Finite element analysis in vertebrate biomechanics
Article first published online: 7 MAR 2005
Copyright © 2005 Wiley-Liss, Inc.
The Anatomical Record Part A: Discoveries in Molecular, Cellular, and Evolutionary Biology
Special Issue: Finite Element Analysis in Vertebrate Biomechanics
Volume 283A, Issue 2, pages 253–258, April 2005
How to Cite
Ross, C. F. (2005), Finite element analysis in vertebrate biomechanics. Anat. Rec., 283A: 253–258. doi: 10.1002/ar.a.20177
- Issue published online: 15 MAR 2005
- Article first published online: 7 MAR 2005
- Manuscript Accepted: 13 JAN 2005
- Manuscript Received: 12 JAN 2005
- National Science Foundation Physical Anthropology. Grant Number: 0240865
- finite-element analysis;
- bone strain;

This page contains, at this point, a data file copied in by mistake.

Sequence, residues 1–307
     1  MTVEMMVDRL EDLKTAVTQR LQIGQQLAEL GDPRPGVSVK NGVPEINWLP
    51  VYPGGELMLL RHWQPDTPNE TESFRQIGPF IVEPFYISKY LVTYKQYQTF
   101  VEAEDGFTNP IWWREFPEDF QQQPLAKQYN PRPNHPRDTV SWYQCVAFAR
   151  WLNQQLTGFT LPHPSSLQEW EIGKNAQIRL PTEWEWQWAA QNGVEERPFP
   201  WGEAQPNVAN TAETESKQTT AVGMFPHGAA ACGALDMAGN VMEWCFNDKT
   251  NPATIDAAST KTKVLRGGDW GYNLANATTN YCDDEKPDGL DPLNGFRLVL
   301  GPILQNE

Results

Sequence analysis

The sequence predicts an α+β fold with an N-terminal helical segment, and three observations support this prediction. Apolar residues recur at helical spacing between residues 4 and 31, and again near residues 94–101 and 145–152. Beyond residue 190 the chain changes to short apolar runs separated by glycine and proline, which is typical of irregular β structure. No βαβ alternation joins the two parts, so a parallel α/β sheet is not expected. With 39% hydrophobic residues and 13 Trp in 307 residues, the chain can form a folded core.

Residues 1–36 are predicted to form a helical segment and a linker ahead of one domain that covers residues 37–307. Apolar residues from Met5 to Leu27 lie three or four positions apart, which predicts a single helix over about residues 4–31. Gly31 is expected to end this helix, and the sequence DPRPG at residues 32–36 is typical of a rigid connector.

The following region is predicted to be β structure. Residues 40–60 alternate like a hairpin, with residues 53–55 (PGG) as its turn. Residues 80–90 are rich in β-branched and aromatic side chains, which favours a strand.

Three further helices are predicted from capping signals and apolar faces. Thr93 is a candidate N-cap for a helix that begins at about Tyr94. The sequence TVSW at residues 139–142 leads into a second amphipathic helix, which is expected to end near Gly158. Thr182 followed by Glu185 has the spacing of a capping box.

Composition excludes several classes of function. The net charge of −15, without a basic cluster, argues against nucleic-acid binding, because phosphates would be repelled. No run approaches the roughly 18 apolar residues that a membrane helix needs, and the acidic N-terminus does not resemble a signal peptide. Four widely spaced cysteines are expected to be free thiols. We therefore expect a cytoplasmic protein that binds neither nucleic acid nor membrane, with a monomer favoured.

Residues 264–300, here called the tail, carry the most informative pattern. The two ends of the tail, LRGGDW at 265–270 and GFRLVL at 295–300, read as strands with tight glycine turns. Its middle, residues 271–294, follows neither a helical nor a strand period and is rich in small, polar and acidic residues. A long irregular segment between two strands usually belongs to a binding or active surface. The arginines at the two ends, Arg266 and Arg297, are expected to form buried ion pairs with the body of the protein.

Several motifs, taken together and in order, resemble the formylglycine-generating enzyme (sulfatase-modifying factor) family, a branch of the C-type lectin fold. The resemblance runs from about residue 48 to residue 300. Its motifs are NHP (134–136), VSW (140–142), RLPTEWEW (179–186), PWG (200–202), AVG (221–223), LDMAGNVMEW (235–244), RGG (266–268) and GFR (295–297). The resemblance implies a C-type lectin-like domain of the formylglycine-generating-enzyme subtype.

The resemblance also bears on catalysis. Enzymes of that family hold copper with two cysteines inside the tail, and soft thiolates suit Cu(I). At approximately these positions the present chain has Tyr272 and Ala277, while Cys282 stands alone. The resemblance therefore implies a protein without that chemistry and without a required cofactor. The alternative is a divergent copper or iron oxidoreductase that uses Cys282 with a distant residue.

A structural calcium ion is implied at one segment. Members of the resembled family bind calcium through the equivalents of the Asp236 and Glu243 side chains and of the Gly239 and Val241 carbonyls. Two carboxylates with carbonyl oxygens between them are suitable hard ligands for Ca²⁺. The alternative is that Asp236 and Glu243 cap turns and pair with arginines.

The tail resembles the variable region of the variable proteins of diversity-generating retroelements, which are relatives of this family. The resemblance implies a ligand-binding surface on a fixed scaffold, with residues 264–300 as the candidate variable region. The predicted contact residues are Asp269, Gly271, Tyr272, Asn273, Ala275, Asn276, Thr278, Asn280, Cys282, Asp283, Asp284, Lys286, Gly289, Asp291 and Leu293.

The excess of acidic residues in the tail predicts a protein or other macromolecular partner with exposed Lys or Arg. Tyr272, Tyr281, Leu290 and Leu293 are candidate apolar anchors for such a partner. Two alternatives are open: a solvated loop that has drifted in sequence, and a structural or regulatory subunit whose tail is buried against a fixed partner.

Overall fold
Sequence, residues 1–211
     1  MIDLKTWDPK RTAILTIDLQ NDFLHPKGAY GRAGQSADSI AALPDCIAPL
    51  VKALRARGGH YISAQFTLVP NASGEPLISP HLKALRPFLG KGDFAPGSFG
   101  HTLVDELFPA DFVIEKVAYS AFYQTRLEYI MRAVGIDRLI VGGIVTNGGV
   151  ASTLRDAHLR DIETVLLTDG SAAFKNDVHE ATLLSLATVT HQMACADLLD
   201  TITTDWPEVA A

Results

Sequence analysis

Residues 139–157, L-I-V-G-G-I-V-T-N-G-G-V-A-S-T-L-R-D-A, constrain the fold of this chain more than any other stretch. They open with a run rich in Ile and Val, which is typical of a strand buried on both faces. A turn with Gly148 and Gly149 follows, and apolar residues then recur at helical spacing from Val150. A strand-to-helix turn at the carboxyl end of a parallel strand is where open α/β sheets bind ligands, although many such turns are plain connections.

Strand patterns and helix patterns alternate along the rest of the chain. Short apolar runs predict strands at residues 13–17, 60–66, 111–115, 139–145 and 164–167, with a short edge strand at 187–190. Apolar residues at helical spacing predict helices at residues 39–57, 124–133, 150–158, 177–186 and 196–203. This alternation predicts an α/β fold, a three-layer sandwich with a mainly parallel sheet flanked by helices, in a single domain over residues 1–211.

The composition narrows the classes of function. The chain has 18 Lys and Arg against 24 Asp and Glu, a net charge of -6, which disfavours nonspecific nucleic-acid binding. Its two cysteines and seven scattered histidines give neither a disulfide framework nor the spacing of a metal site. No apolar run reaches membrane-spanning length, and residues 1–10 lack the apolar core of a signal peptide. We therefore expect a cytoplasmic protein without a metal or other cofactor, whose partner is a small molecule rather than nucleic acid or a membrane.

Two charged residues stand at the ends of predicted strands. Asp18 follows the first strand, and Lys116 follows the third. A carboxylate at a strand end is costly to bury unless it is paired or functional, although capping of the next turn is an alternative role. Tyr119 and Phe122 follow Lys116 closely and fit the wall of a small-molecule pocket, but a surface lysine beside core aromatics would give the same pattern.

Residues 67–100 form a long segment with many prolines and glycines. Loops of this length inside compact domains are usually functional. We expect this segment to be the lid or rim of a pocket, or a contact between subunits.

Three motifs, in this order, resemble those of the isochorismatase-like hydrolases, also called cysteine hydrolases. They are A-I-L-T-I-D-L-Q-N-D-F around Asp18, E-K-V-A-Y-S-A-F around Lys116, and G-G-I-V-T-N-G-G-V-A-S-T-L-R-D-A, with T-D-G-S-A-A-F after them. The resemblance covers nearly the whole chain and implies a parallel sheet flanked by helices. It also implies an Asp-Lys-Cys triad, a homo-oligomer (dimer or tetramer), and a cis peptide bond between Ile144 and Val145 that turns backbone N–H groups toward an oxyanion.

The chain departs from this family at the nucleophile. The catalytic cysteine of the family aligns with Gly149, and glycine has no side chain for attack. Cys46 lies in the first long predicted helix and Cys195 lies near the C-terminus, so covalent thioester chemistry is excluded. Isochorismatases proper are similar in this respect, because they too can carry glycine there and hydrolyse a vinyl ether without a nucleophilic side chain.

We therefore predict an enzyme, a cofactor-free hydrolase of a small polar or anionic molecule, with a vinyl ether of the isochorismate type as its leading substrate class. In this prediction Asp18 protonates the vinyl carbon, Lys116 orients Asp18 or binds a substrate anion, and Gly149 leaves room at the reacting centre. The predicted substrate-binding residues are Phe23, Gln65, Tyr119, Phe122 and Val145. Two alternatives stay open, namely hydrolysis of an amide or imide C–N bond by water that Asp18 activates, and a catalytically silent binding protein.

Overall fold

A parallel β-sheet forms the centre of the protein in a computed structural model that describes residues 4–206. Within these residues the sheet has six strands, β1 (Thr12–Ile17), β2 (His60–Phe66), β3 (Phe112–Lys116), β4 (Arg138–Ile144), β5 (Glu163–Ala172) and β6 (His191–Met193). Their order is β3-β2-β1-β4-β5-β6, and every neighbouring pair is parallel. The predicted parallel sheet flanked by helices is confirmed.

This special issue of The Anatomical Record presents a series of papers that apply the method of finite element analysis (FEA) to questions in vertebrate biomechanics. These papers are salient examples of the use of FEA to test hypotheses regarding structure-function relationships in complexly shaped biological objects such as skulls and in areas of the skeleton that are otherwise impervious to study. FEA is also a powerful tool for studying patterns of stress and strain in fossil animals and artificial constructs hypothesized to represent ancestral conditions. FEA has been used deductively, to study patterns of growth and development, and to investigate whether skull shapes can be created from amorphous blocks using an iterative approach of loading and removing elements. Several of the papers address methodological issues, such as the relative importance of loading conditions and material properties for generating an accurate model and the validation of models using in vivo strain data. Continuing improvements in model building techniques will make possible increased application of FEA to study the functional effects of variation in morphology, whether through ontogenetic or phylogenetic transformations. © 2005 Wiley-Liss, Inc.